If we go by the latest Nokia Threat Intelligence Report, Android is the least secured OS in the world. About 68.5 percent of devices infected in the past year were Android devices. So there comes the biggest disadvantage of being an Open Source operating system. To add to this, the latest report from the folks at Quartz reveals that Google is collecting location information from Android smartphones even if you keep the services switched off on your device. The report reveals that the company is mysteriously collecting location data since early 2017 after a change to the Firebase Cloud Messaging service. It’s the service which is used by Google to optimize message delivery at times of low-signal strength.
Quartz explains that this revelation fell into the bucket after regulators and lawmakers are after companies like Google for the user data they possess. Personal data such as political views to their purchase histories to their locations have done wonders for these companies to target their marketing campaigns.
As shocking as it may sound, a Google spokesperson has actually confirmed this activity, however, the company also claims that it is not using any of the data. As per the report from Quartz, the data collected by Google is encrypted but it can easily be manipulated if exposed to any third party malware.
To dig little deeper into this issue, the report reveals that any modern Android device would go ahead and collect addresses of nearby cellular towers and send it to Google even when the location services were turned off. As a result, Google and its parent company – Alphabet – might be peeking into your location information exploiting users fundamental right privacy. As of now, we are not sure about this and Google has reportedly confirmed to Quartz that starting November 2017, it will put end to this activity. Adding to this, the spokesperson from Google also said that the data was never stored.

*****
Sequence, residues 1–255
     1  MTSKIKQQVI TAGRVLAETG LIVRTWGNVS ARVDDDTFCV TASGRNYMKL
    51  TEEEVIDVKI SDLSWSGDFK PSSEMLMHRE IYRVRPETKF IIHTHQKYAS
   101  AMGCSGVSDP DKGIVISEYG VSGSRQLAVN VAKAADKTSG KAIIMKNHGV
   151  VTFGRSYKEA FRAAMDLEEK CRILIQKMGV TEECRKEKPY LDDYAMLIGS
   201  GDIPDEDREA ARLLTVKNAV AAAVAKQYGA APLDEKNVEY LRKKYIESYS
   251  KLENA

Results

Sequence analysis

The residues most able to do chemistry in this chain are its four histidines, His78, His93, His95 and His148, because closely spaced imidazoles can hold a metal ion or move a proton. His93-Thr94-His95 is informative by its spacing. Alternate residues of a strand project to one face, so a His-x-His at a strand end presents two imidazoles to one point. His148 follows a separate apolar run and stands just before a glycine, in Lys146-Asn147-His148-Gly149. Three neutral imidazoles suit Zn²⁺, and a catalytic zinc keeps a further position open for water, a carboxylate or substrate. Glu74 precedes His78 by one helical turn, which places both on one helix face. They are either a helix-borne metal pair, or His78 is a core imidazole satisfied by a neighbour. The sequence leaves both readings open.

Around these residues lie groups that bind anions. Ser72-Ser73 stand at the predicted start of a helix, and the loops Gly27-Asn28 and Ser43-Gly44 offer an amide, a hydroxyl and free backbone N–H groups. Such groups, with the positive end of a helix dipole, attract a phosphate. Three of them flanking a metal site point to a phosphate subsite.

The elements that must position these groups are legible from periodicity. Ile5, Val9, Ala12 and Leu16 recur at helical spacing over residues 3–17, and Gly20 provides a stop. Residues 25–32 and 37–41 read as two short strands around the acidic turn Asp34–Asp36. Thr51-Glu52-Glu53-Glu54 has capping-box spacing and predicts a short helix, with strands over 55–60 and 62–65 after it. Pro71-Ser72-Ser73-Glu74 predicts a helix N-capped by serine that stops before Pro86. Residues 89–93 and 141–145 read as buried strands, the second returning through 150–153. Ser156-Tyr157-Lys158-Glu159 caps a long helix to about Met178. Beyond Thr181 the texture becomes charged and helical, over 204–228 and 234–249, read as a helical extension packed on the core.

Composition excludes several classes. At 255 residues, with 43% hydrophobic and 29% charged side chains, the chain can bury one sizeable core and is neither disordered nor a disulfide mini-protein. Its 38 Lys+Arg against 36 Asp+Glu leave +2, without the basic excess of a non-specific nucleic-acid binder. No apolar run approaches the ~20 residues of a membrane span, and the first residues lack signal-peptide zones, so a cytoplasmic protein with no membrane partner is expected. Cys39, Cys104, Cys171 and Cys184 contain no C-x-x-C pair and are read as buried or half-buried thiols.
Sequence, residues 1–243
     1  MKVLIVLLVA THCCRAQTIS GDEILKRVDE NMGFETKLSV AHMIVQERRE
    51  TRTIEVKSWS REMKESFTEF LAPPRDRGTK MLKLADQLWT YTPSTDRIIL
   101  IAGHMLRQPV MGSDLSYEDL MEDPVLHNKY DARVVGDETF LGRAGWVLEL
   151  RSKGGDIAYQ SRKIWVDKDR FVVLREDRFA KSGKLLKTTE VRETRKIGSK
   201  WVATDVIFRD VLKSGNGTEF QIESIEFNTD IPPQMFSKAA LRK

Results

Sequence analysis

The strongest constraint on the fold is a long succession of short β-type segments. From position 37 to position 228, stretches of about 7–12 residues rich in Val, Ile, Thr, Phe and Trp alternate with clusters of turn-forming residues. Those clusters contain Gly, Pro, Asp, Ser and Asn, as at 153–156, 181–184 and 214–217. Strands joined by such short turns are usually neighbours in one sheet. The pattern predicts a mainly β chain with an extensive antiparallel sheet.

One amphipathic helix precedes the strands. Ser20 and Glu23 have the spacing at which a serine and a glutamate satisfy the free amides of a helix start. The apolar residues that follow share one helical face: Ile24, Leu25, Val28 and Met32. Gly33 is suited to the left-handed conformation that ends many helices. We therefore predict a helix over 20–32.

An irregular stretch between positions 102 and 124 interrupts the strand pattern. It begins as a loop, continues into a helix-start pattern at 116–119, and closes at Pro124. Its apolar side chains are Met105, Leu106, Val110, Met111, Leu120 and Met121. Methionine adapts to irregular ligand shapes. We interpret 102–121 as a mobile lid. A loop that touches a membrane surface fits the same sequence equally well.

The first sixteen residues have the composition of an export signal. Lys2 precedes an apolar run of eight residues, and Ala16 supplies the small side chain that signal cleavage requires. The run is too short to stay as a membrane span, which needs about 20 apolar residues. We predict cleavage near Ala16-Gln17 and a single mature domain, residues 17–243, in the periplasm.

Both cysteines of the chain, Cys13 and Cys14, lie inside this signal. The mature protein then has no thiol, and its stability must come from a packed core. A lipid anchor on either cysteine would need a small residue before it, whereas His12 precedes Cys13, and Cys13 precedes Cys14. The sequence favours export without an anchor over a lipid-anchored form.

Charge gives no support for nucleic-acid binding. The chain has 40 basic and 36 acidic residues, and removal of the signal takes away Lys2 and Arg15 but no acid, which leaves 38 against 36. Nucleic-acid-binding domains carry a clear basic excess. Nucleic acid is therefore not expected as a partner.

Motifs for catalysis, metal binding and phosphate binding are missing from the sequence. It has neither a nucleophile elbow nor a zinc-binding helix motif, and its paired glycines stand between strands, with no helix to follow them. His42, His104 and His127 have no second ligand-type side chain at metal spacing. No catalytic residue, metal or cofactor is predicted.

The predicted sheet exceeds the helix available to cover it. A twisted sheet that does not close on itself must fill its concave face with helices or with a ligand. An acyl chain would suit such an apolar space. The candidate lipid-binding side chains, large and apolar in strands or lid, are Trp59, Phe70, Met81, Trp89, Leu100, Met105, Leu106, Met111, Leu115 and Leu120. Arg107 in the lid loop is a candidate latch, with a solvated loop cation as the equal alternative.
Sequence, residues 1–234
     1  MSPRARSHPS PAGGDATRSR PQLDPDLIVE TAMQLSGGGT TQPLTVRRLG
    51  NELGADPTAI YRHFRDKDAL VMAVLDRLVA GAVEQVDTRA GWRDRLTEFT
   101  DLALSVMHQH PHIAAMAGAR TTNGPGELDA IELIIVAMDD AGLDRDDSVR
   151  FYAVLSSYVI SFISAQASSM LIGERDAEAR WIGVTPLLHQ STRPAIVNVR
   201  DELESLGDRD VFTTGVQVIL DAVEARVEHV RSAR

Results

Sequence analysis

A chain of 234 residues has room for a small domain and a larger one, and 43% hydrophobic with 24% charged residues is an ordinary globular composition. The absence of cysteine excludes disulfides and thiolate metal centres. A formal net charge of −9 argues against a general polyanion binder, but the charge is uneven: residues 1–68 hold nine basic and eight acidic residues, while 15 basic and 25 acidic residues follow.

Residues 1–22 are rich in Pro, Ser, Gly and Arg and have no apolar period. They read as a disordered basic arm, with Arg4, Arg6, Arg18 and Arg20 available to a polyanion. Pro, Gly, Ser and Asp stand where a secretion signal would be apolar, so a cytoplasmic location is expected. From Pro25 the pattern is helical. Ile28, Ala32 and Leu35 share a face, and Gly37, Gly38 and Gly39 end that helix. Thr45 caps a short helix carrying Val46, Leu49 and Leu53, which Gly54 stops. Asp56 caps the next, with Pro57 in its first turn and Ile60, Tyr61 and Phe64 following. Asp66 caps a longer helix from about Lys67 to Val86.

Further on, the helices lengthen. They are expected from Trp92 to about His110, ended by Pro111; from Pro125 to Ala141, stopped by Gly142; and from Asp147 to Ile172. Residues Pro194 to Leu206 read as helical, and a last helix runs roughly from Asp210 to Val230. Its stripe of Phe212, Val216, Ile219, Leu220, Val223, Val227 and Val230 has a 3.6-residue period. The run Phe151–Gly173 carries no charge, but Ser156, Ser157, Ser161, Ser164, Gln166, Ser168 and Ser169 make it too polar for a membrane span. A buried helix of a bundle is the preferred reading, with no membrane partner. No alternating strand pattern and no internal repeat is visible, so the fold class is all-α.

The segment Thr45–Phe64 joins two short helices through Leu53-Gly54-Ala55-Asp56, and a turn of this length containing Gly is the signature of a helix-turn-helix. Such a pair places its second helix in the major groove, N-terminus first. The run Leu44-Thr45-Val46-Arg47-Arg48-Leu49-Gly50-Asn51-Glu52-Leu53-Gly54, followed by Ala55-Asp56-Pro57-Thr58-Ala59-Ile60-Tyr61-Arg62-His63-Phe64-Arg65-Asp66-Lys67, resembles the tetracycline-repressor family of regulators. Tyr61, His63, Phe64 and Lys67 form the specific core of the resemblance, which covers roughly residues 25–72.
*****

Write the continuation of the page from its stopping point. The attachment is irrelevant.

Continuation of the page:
Quoting the Google spokesperson, he said – “In January of this year, we began looking into using Cell ID codes as an additional signal to further improve the speed and performance of message delivery. “However, we never incorporated Cell ID into our network sync system, so that data was immediately discarded, and we updated it to no longer request Cell ID.”
Whats even more questioning is how Google is collecting this data to improve message delivery? Now, the information about a nearby cellular tower will only result in an approximate location, but accurate results can easily be extracted by multiple towers if present closeby. Whatever the case maybe, this proves yet again that Android is not the safest of operating systems out there. And given the majority of India’s population thrives through Android devices, it is even more alarming for the search engine giant.